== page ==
Rambling on Rangitoto

New city, new country. There’s nothing quite like that feeling of excitement as you’re suddenly surrounded by ‘The New’. New roads, new buildings, new landscapes. So many adventures to plan.

Weekend number one and with no car sorted yet we thought we’d look at what city day trip options were available to us. Auckland is surrounded by a large number of islands some of which can be easily reached by ferry. Rangitoto is one of the closest, ideal for a weekend day trip and offers a good full day of walking or a shorter stroll if you fancy just popping over for a half day….

Welcome to the regions youngest volcano, erupting from the depths of the sea just around 600 years ago rising to 259 metres above sea level.It is surreal to walk across the paths of lava rock. We had a fantastic full 6 hour day of walking and exploring here and would hugely recommend it to all.

 

VISIT RANGITOTO – The facts…

  1. You could swim…but Ferrys take 25 minutes and leave from the Auckland Ferry Terminal – Have a look at the timetable and plan your timings – check the final ferry back at the end of they day! It could be a lonely night out there on the island.
  2. Keep it clean. Be prepared to scrub that dirt off muddy boots and trainers. As a protected area it needs to be kept pest-free to maintain the balance of plant and bird life.
  3. Water, water every where but not a drop to drink. Take water with you. The island doesn’t have a drinking water supply so make sure you don’t go thirsty.
  4. What to Wear: trainers or boots (I wore trainers and was fine) and comfortable trousers, and layered tops. ‘Four seasons in one day’ saw us in T-shirts under the warm winter sun, waterproofs and then layers in the torrential rain storm as the temperature suddenly fell. If you fancy a dip, take your swimmers – Mckenzie Bay is a sandy beach ideal for swimming and picnicking.
  5. Which routes? There are a number of tracks to take all with estimated walking times. If you’re fit and keep up a fairly good pace you’ll find they take about 20 minutes less than suggested. So as long as you’re not strapped for time, enjoy all the different routes. The most popular is the straight summit walk however I can highly recommend going anti-clockwise around the island, coming back toward the summit after a few hours….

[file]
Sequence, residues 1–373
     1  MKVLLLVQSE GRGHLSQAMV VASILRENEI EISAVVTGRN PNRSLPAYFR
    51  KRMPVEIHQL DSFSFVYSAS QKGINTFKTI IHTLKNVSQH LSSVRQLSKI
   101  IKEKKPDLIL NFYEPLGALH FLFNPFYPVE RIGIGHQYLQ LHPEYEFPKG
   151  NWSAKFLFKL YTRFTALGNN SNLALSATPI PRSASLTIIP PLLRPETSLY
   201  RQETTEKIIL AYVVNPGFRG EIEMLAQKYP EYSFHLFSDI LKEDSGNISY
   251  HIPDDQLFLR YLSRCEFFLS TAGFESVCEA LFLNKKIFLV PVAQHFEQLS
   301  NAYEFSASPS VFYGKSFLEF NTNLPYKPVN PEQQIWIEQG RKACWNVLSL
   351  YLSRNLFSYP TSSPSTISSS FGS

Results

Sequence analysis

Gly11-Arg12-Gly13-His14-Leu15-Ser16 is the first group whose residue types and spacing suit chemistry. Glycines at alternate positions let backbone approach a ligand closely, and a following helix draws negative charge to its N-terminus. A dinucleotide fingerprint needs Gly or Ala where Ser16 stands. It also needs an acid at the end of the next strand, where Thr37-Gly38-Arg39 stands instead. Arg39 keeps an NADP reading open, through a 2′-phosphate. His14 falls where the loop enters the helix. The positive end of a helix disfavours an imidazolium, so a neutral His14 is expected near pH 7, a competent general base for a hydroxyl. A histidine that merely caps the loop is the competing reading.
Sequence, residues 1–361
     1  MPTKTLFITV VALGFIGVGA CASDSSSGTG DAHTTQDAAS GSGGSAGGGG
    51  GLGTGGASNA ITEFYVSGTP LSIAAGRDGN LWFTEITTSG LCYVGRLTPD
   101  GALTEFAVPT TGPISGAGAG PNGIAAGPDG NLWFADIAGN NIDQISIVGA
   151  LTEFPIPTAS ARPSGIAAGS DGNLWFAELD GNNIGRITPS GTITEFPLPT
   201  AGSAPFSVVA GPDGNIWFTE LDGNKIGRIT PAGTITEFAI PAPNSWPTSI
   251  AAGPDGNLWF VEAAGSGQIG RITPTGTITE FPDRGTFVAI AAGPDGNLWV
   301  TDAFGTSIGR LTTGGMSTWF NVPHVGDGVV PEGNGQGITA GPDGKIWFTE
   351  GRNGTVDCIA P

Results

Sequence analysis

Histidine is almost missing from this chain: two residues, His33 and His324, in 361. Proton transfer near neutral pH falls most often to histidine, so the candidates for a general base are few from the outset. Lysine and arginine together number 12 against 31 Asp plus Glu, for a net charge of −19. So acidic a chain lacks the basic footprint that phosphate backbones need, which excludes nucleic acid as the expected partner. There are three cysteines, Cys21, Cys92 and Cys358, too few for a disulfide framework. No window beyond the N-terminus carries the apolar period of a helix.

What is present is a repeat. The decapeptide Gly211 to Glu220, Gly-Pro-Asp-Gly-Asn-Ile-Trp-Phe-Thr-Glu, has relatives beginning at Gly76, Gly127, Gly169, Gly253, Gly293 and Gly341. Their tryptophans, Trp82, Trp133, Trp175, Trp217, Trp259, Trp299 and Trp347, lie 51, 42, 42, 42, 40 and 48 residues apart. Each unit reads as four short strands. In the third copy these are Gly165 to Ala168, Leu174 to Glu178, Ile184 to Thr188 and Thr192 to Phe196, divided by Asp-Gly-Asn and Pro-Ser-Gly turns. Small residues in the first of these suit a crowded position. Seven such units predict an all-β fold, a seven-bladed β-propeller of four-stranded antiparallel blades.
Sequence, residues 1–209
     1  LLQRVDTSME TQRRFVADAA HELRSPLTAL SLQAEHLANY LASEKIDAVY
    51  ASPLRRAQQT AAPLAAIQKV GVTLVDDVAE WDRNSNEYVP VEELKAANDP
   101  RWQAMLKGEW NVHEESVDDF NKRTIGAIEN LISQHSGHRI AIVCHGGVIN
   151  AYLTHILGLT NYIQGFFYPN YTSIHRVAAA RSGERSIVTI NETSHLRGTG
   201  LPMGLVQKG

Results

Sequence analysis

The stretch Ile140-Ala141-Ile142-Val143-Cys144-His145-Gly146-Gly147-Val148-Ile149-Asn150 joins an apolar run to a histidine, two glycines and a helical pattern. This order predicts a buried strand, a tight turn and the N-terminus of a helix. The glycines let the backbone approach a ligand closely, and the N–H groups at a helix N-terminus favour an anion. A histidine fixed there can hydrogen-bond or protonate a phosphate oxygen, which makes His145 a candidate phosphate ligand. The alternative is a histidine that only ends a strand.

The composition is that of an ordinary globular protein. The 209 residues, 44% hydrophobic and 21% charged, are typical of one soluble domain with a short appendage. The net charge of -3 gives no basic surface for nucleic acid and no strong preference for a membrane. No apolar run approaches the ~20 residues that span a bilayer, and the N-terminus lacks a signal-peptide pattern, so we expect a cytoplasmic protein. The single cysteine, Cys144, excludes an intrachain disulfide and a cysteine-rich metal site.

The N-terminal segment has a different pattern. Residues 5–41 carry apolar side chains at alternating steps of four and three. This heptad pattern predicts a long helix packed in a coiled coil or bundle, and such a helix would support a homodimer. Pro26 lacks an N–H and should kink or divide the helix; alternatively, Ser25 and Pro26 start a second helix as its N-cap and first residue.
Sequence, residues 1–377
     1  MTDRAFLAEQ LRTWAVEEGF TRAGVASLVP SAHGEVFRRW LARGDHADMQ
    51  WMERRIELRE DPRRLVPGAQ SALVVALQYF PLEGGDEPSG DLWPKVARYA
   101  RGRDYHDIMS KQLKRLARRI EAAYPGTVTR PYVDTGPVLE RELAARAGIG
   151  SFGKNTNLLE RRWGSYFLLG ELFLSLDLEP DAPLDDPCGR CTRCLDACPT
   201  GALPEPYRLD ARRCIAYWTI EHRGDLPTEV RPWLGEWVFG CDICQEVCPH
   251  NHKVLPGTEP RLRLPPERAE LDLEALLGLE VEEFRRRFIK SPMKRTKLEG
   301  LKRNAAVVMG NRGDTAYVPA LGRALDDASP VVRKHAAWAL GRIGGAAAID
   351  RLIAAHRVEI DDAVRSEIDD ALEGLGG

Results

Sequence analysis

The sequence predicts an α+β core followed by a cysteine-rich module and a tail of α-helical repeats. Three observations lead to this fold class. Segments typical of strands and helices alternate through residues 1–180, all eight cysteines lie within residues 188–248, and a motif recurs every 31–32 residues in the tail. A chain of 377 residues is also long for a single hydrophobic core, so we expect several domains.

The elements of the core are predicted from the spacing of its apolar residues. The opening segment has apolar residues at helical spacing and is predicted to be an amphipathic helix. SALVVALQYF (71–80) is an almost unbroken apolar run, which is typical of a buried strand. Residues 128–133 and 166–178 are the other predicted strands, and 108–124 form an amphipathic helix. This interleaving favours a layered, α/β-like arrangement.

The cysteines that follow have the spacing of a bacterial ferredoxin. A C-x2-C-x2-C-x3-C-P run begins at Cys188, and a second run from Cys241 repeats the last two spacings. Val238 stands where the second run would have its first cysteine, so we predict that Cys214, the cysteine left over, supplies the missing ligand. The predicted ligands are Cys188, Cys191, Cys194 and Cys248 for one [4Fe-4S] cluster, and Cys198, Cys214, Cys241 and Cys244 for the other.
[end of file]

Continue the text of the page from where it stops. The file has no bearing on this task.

6. Go back in time. Do take take time to read about the history of the island, once a common holiday destination in the 1920s and 30s for the city folk it was scattered with numerous clusters of Bachs. Some are still standing and others have plaques standing on the plot detailing the story of who lived there and for how long; tales of accessing the island only by rowing boat and having no electricity, food of water sources.
  7. Island neighbours – Don’t forget that Rangitoto is also connected to Motutapu, another island. In contrast Montutapu is 178 million years old and the difference in its flora and fauna is quite distinct. The land masses were linked in the second World War but have kept their very separate characters. I didn’t walk around Motutapu this time so can not comment as yet, however I do know there is one camping site for the adventurous as heart. As happy campers we have added this to our list for the summer months
  8. Lava Caves along the route approaching the summit, you will see the sign towards the lava caves. There shallow tunnels were formed by the flow of lava are are worth a look. Remember to take a torch or a use a good light on your phone as they are pretty dark
  9. If walking is not your thing, or perhaps you have children in toe, there is the Rangitoto Explorer Tour 4WD drive that will take you around the island with a detailed commentary.
  10. Now off you trot… enjoy!